With Talent Emerging In Pipeline, Sharks Are Confident They Have the Blue Line Depth to Absorb Vlasic’s Loss

Author: Paul Gackle, The Gackle Report
Date: Jan 3, 2017

SAN JOSE — With Marc-Edouard Vlasic temporarily on the shelf, the Sharks blue line depth will get put under the microscope this week, a test the team expects to pass with top grades.

The Sharks (23-13-1) placed Vlasic on the injured reserve Monday, recalling defenseman Mirco Mueller from the AHL Barracuda, who could make his season debut against the Los Angeles Kings at the SAP Center on Tuesday as David Schlemko also missed practice with an upper-body injury suffered on Saturday.

Head coach Peter DeBoer is “optimistic” that Vlasic, who got hit in the face by a slapshot against the Philadelphia Flyers on Friday, will be healthy enough to return to the lineup for Saturday’s bout with Detroit Red Wings when he’s eligible to come off the injured reserve.

But in the meantime, DeBoer is confident that the organization has the depth on the back end to absorb Vlasic’s short-term loss with several Barracuda defensemen, like Mueller, bubbling up through the pipeline.

“We’ll see tomorrow when Schlemko wakes up,” DeBoer said, when asked about Mueller’s status for Tuesday’s game. “These type of things test the depth of the whole organization and so far we’ve passed those tests, for the most part. As a coaching staff, we feel real comfortable with the guys we bring in here.”

As recently as last winter, losing Vlasic, or any top-four defenseman, was a nightmare situation for the Sharks blue line.

The Sharks posted a 1-6-1 record when playing without a top-four defenseman over the first five months of the 2015-16 season, including an 0-2-1 record in three games without Vlasic in December 2015.

But a lot has changed over the last calendar year. Dylan DeMelo has emerged as a reliable option on the team’s third pairing, giving the squad a valuable insurance policy against a blue line injury. In addition, Mueller is blossoming into a legitimate top minutes defenseman with the Barracuda while Tim Heed and Joakim Ryan are also knocking on the door, making cases for recalls to the parent club.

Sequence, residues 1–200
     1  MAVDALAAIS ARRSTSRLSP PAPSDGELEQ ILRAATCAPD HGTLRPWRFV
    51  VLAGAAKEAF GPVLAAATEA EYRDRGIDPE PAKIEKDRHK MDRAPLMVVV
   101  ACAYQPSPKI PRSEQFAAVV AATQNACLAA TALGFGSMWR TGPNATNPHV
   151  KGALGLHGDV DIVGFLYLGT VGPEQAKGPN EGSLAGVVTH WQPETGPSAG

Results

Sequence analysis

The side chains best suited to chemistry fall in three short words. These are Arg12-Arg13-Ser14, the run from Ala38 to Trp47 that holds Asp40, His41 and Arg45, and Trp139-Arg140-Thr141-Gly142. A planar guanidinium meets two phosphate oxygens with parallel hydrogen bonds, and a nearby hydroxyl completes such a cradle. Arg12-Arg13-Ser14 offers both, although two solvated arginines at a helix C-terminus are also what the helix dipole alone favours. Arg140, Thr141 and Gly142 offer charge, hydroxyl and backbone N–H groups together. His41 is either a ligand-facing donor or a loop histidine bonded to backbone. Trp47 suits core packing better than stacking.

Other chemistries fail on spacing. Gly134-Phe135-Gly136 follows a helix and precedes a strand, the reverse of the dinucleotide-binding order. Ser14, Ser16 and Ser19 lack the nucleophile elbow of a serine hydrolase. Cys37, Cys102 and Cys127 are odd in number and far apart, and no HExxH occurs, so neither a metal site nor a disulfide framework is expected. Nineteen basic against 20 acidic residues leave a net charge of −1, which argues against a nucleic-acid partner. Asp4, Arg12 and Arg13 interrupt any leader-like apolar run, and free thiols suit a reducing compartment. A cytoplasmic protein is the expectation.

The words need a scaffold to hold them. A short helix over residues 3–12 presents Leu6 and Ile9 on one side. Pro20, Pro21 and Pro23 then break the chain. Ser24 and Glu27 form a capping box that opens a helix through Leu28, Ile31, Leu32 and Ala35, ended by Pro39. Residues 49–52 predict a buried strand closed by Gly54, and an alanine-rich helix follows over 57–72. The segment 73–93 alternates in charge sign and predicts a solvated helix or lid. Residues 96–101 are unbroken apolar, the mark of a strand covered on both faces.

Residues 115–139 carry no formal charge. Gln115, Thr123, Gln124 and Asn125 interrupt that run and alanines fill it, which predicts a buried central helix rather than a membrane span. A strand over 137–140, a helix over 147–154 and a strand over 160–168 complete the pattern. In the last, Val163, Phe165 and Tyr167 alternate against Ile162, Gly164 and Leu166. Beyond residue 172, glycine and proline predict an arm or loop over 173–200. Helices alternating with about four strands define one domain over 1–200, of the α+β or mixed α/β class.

Heed, who signed with the Sharks out of the Swedish Hockey League last spring, currently ranks fifth amongst AHL defensemen in scoring with 27 points in 26 games. Meanwhile, Ryan is proving to be a sound, responsible blue liner, much like DeMelo, in his second season with the Barracuda, leading the team in plus / minus (plus-nine).

“That American League team (the Barracuda) is one of the elite teams down there, that shows you the depth we’ve got,” DeBoer said.

“Good organizations, I don’t think it’s any secret, their American League team’s very good, and a lot of times they’re winning championships. Columbus’ American League team (the Cleveland Monsters) won the Calder Cup last year, Tampa’s (reached the final), not that long ago, and then they rolled all those guys into the lineup. From what I’ve heard, we have that type of team down there.”

Mueller earned his recall to the Sharks by playing top-pairing minutes on the Barracuda’s blue line, including ice time on the power play and the penalty kill, which is currently ranked first in the AHL (89.4 percent).

After suiting up for 39 NHL games with the Sharks as a 19-year-old rookie in 2014-15, Mueller is really coming into his own in his third year of professional hockey after struggling mightily in the AHL last season.

The 21-year-old defenseman, who’s collected eight points in 25 AHL games, has been particularly strong in his own end where he’s quashing opponents’ forechecks by making strong puck retrieval plays and leading the breakout with quick passes out of the zone.

Last year, Mueller would often hold onto the puck in his own end, attempting to quarterback the Barracuda’s offense from the backend rather than moving the puck north as quickly as possible and then joining the rush as an attacker.

“He sure has been impressive,” Barracuda head coach Roy Sommer said.

“He’s moving pucks now. He looks for the single coming out of our end. He doesn’t look for the long bomb anymore. He’ll hit the 10-foot pass instead of throwing it across the ice, and he’ll kill stuff in our own end. When the puck’s loose, and it’s a 50-50 puck, he’s winning it. Last year, I couldn’t really say that all the time.”

Sommer also called Mueller a, “penalty killing machine.”

“Any kind of loose pucks, anything around the yellow (the boards), he’s going,” Sommer said. “He gets to it and he gets it down. He’s a big part of the success of the penalty kill.”

Mueller acknowledged that he is playing with a different mindset this season. Last year, he often tried to do too much with the puck, attempting to stamp his ticket back to the NHL. Now, he’s making the simple plays instead of hurting the team with giveaways.

“More than anything it was confidence,” Mueller said.

“Playing in the NHL your first year, you expect things for yourself the year after that. It just went the wrong way a little bit. Obviously, it took me a little while to get past that. It probably shouldn’t have, I’ve gone a long way. But I think it made me a better player for the long run.”

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